Four more people were killed and four were wounded in Snezhnoe, Donetsk region, the local administration said in a statement. The village was attacked by an unidentified plane that was not from the Ukrainian military, which has not used its aircraft since the An-26 was shot down, Interfax reported today, citing Lysenko. Six Ukrainian soldiers also died and 13 were wounded in the last 24 hours, IFX reported.
Poroshenko spoke with Chancellor Merkel at around midnight and agreed OSCE monitors would be placed at two border checkpoints and drones may be used to observe the frontier, his office said in a statement.
OSCE Chairperson-in-Office Didier Burkhalter also phoned with Ukrainian Foreign Minister Pavlo Klimkin and Russian Foreign Minister Sergei Lavrov, stressing the importance and urgency of talks with leaders of “illegally armed groups in the eastern region of Ukraine” to prepare the ground for cease-fire efforts, the OSCE said in a statement on its website.
Russia said some OSCE delegations weren’t being constructive and that the U.K. was pushing anti-Russian “hysteria” in the organization. The Defense Ministry in Moscow invited military attaches from 18 countries, including the U.S. and Germany, to see the Russian-Ukrainian border in Rostov region, RIA Novosti reported, citing Deputy Defense Minister Anatoly Antonov.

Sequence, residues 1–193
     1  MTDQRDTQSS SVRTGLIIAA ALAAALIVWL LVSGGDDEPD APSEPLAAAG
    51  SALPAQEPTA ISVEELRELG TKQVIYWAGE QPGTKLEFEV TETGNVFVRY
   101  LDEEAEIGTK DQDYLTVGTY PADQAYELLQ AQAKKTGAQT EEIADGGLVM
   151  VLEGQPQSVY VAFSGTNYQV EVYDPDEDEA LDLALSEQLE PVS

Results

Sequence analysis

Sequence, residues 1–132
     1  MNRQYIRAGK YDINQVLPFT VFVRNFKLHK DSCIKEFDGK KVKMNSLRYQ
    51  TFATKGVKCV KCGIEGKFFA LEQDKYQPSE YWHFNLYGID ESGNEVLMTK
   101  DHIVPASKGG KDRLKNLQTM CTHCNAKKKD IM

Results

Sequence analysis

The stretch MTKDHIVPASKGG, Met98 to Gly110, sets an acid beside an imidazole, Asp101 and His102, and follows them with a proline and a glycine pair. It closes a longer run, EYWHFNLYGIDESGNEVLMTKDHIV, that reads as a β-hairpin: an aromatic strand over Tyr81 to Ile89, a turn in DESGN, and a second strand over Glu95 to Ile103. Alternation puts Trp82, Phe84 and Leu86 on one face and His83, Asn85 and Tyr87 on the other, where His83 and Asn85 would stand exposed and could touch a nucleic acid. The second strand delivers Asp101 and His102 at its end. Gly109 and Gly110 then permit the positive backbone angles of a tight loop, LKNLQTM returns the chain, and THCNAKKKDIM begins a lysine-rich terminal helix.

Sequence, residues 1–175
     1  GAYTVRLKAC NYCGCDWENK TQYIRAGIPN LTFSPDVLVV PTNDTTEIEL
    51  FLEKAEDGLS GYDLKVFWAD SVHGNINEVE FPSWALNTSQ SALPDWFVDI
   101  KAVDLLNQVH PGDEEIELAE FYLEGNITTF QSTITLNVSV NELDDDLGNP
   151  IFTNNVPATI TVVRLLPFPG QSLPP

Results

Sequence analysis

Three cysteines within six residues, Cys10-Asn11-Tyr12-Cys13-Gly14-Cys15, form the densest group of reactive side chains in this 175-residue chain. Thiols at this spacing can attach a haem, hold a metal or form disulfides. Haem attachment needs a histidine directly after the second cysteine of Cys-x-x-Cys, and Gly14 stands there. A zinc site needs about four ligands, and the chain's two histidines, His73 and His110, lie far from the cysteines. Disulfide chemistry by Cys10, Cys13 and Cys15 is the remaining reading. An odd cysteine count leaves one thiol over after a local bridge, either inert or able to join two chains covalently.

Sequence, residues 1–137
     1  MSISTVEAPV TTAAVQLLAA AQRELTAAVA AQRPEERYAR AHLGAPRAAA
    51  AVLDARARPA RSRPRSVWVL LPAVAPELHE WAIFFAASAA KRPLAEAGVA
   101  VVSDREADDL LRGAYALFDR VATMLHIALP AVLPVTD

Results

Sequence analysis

The EU has imposed asset freezes and visa bans on 72 people and two companies connected with the destabilization of Ukraine and Russia’s annexation of Crimea in March, measures that advocates of stricter sanctions say are symbolic gestures.
The EU’s first opportunity to consider wider penalties will be at a summit tomorrow. Objections by countries such as Italy, Austria, Slovakia, France and Greece have frustrated moves toward broader sanctions, which require unanimity.
Lysenko dismissed Russian claims that Ukraine’s military fired the artillery round that killed one person in the Russian region of Rostov last week. Ukraine also has proof that its border guards were attacked from Russian territory and that Russian helicopters and drones crossed over the border, he said.
“Pro-Russian militants used mortar fire and killed one Russian citizen,” Lysenko said. “Now Russia is trying to present the shooting as an attack from the Ukrainian army. Those accusations are groundless.”
To contact the reporters on this story: Daria Marchak in Kiev at firstname.lastname@example.org; Daryna Krasnolutska in Kiev at email@example.com; Jake Rudnitsky in Moscow at firstname.lastname@example.org